Total deportations declined 25% to 235,415 in fiscal year 2015 from 315,943 in 2014, according to a report dated December 22, 2015 from the Department of Homeland Security (DHS).
The leading countries of origin for those deported were Mexico (146,132), Guatemala (33,249) and El Salvador (21,920). 196 came from the Philippines.
There were also far fewer people trying to get into the United States through unlawful means as evidenced by 337,117 apprehensions nationwide in FY 2015, which was significantly lower than the 486,651 total in FY 2014. This put border apprehensions at a 40-year low.
Border patrol apprehensions of Mexican nationals decreased by 18% compared to FY 2014. Meanwhile, apprehensions of Central American diasporas particularly from Honduras, El Salvador and Guatemala also decreased by 68% compared to FY 2014.
Secretary of Homeland Security Jeh Johnson said that in 2015, they focused the agency’s limited resources to combating threats to national security, public safety and border security rather than expending funding on individuals charged with minor crimes like traffic violations.
Individuals convicted of significant or multiple misdemeanors, or individuals arrested inside the US who unlawfully entered or reentered the country or individuals who had significantly abused the visa or visa waiver programs became a second priority of the DHS. More focus was on individuals considered as national security threats, convicted felons or aggravated felons, members of active criminal gangs, and illegal entrants apprehended in the border.
There was a shift in their enforcement actions at port of entry focusing more on arrests of individuals wanted for serious offenses like murder, rape, assault and robbery. Customs and Border Protection (CBP) officers arrested 8,246 individuals wanted for the aforesaid crimes and stopped 225,342 inadmissible individuals from entering the United States through ports of entry. The CBP also identified 11,611 high-risk travelers who would have been found inadmissible had they traveled to the United States, and who were prevented from boarding flights to the United States.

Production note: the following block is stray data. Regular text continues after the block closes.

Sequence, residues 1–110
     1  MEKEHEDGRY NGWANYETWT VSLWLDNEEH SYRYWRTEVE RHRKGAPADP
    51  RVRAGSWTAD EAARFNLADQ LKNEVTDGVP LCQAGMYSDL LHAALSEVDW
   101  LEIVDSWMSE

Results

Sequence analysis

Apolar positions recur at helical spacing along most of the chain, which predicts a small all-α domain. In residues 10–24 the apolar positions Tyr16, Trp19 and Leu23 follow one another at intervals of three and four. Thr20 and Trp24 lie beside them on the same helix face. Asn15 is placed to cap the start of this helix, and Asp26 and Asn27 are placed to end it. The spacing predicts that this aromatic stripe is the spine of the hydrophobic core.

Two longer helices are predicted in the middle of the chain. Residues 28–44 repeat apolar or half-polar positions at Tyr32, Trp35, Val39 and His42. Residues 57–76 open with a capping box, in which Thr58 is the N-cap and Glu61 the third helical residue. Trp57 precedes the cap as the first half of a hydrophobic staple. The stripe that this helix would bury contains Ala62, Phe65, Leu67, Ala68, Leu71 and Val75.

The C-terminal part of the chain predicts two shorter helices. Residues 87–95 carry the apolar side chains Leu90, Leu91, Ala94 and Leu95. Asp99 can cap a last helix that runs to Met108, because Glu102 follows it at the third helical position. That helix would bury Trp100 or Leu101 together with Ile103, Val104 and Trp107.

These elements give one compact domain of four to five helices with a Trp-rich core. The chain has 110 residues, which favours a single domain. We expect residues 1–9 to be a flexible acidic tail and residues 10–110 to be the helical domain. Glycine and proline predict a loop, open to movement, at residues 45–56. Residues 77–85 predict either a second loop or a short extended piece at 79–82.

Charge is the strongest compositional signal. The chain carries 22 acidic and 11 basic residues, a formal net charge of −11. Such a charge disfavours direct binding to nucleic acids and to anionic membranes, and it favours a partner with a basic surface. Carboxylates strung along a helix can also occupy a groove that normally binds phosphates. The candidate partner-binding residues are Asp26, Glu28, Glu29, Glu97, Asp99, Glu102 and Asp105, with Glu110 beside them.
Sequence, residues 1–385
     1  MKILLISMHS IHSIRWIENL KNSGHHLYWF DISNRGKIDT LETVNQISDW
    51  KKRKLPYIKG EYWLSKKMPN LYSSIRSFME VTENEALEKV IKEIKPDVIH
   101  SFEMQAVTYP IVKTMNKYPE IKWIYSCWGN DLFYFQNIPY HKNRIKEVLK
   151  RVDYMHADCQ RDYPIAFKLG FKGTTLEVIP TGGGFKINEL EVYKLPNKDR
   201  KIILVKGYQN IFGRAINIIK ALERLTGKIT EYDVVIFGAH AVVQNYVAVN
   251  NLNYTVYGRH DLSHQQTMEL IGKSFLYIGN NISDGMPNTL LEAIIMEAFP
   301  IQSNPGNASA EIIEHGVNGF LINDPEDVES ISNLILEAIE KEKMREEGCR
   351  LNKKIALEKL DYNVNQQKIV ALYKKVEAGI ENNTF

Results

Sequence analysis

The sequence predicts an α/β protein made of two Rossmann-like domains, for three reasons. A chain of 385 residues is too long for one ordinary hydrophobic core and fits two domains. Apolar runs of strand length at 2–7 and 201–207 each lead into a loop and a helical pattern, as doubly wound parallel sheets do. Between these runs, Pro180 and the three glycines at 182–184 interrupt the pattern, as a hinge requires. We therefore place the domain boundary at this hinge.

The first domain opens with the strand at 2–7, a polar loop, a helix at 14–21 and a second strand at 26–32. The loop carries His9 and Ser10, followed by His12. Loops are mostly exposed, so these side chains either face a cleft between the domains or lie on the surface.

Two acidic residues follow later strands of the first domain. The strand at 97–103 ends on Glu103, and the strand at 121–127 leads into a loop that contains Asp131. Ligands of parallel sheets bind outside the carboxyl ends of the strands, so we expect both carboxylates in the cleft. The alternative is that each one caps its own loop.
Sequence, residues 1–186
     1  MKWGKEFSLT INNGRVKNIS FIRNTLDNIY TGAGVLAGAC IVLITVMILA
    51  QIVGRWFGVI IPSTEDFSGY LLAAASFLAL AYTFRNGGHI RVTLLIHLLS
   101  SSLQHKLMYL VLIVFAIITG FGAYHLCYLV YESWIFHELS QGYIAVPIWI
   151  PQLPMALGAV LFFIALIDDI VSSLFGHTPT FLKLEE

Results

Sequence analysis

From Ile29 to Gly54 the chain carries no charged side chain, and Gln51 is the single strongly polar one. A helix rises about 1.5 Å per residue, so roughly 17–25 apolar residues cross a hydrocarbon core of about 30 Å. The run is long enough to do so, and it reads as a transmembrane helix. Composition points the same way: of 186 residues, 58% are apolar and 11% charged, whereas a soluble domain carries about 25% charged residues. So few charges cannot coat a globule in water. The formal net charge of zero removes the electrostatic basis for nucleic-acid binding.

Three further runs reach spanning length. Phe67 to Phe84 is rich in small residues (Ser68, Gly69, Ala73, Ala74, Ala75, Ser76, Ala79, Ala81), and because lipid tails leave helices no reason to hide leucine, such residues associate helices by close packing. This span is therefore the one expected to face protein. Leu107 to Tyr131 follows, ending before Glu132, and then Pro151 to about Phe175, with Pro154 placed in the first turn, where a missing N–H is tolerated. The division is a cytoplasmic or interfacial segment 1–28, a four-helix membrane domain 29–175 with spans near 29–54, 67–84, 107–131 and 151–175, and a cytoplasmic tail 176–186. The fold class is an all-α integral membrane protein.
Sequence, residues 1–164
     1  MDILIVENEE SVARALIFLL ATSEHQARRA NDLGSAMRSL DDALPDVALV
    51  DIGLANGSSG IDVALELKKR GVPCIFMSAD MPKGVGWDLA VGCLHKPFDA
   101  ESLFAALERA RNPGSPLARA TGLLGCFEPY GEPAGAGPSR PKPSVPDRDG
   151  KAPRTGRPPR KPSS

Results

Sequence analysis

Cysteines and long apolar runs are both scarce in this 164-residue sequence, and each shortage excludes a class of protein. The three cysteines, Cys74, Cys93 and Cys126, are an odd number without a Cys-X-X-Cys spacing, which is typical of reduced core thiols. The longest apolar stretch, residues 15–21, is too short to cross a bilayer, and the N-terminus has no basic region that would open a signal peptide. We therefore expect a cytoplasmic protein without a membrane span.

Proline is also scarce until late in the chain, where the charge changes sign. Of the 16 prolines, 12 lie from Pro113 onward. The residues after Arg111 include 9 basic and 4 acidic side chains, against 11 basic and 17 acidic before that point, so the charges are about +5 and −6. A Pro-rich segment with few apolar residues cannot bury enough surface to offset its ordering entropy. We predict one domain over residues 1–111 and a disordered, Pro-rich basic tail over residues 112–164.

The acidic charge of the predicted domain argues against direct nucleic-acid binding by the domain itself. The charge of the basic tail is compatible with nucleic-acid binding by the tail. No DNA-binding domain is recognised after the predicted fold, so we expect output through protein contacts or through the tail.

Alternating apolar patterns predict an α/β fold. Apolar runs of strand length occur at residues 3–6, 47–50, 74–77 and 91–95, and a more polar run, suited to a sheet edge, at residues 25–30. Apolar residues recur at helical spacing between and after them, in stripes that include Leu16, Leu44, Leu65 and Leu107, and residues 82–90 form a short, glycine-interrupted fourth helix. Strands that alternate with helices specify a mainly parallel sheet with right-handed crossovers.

Immigration and Customs Enforcement (ICE) also placed more emphasis in going after convicted criminals as opposed to non-criminal immigration violators. It increased the percentage of deportation of felons by 3% over FY 2014 with a total of 139,368 removals or 59% of its total removals in 2015.
Another significant trend noted by the recent report is the rise of asylum seekers from Central America fleeing extreme violence in the region. Although apprehensions of individuals from countries other than Mexico- predominantly those from Central America- decreased by 68% in 2015, more nationals from these countries filed claims for protection under US law. During the early months of 2015 alone, USCIS received more asylum applications than the previous years.
As of October 2015, the United Nations High Commission for Refugees (UNHCR) reported that out of 16,077 females from El Salvador, Guatemala, Honduras and Mexico who were subjected to fear screenings by US asylum officers, 82% proved a bona fide claim for asylum under the Convention against Torture.